Ancient fire ceremony in Indian village to tackle global recession

Other News Materials 23 November 2008 13:58 (UTC +04:00)

A two-year long yagna, an ancient Hindu fire ritual, is being held in a village in India's western Gujarat state to save the world from the economic downturn, news reports said Sunday, dpa reported.

The yagna, which involves groups of priests reciting ancient religious verses and pouring oblations in a ceremonial fire, is being held at Ramsana village in Mehsana district of Gujarat, PTI news agency reported.

The ritual entered its 16th day and will continue uninterrupted for two years, the organizer of the event, Dahyabhai Patel, convenor of a religious trust, was quoted as saying.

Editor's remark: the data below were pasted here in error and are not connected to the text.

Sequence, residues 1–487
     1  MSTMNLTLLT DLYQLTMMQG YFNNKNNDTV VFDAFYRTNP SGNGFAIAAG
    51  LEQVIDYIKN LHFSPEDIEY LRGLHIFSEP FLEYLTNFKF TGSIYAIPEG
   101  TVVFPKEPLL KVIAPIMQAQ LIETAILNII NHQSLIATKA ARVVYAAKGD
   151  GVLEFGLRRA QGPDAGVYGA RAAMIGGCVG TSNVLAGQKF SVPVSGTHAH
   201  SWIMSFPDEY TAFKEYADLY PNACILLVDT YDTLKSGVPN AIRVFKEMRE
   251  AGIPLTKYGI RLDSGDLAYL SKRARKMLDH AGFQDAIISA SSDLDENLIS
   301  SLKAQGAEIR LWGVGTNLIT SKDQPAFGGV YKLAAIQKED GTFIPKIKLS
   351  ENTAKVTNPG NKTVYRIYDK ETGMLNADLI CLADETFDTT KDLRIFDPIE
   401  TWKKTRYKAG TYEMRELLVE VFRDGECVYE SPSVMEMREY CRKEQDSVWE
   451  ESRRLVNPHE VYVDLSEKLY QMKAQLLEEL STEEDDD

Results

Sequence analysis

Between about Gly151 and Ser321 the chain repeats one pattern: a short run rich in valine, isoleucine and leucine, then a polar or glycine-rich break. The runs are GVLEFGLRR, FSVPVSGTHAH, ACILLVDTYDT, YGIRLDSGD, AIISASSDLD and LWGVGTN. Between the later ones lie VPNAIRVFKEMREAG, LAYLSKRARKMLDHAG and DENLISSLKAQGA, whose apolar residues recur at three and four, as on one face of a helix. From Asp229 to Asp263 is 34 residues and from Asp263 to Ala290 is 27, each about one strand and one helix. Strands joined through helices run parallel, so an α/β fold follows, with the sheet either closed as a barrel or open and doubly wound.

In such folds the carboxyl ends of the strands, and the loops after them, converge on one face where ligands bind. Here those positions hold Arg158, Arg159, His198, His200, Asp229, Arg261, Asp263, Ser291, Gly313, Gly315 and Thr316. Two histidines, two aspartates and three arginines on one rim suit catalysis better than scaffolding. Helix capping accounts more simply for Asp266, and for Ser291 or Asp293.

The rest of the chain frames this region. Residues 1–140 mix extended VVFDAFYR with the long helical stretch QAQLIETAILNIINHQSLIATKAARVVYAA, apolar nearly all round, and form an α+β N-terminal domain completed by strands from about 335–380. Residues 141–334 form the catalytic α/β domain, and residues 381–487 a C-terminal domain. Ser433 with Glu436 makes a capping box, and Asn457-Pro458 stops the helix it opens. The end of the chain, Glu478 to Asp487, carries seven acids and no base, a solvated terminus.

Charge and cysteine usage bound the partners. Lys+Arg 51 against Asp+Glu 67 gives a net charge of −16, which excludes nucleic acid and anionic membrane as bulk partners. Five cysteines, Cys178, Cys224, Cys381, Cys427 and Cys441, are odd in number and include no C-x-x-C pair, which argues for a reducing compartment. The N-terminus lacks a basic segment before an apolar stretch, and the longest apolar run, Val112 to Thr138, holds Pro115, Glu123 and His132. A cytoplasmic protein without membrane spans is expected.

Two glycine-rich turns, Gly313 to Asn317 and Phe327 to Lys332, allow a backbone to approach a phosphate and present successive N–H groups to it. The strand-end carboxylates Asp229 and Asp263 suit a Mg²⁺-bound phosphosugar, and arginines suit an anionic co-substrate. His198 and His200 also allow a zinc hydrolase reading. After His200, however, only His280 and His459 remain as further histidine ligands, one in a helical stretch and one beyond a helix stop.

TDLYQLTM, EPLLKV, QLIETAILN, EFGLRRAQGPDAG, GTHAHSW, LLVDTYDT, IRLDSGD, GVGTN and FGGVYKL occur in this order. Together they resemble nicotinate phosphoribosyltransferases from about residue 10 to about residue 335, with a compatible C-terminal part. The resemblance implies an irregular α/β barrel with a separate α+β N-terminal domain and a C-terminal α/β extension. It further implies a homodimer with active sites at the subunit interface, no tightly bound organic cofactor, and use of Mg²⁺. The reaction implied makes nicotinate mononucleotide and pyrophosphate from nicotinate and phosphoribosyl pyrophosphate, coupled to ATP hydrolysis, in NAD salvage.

He said at least 3,000 priests from from Gujarat, Madhya Pradesh, Bihar, Rajasthan and Uttar Pradesh states would take part in the ritual which involved 109 havan kunds or ceremonial fires.

The ritual seeks divine blessings to relieve the world of the economic crisis that seems to have no end in sight, Patel said.

"We are asking for divine solace to restore prosperity, environmental well-being and overall world peace and happiness."

Patel estimated the two-year event would cost 1.5 billion rupees (about 30 million dollars).

People from surrounding villages were pouring in to witness the ceremonies, Patel added. He said the event was being funded by various religious groups, trusts and villagers.